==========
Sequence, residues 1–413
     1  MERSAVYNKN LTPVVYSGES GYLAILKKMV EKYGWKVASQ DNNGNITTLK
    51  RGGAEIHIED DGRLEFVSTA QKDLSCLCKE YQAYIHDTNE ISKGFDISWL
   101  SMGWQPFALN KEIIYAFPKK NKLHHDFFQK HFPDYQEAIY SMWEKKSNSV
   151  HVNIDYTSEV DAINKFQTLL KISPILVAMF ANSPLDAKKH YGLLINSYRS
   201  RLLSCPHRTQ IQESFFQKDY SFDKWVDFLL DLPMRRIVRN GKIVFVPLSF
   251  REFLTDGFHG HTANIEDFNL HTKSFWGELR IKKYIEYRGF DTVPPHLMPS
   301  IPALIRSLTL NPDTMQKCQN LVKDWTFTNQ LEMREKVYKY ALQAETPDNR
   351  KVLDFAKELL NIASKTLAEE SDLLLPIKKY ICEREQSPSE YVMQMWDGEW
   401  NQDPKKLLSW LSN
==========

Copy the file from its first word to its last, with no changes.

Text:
Sequence, residues 1–413
     1  MERSAVYNKN LTPVVYSGES GYLAILKKMV EKYGWKVASQ DNNGNITTLK
    51  RGGAEIHIED DGRLEFVSTA QKDLSCLCKE YQAYIHDTNE ISKGFDISWL
   101  SMGWQPFALN KEIIYAFPKK NKLHHDFFQK HFPDYQEAIY SMWEKKSNSV
   151  HVNIDYTSEV DAINKFQTLL KISPILVAMF ANSPLDAKKH YGLLINSYRS
   201  RLLSCPHRTQ IQESFFQKDY SFDKWVDFLL DLPMRRIVRN GKIVFVPLSF
   251  REFLTDGFHG HTANIEDFNL HTKSFWGELR IKKYIEYRGF DTVPPHLMPS
   301  IPALIRSLTL NPDTMQKCQN LVKDWTFTNQ LEMREKVYKY ALQAETPDNR
   351  KVLDFAKELL NIASKTLAEE SDLLLPIKKY ICEREQSPSE YVMQMWDGEW
   401  NQDPKKLLSW LSN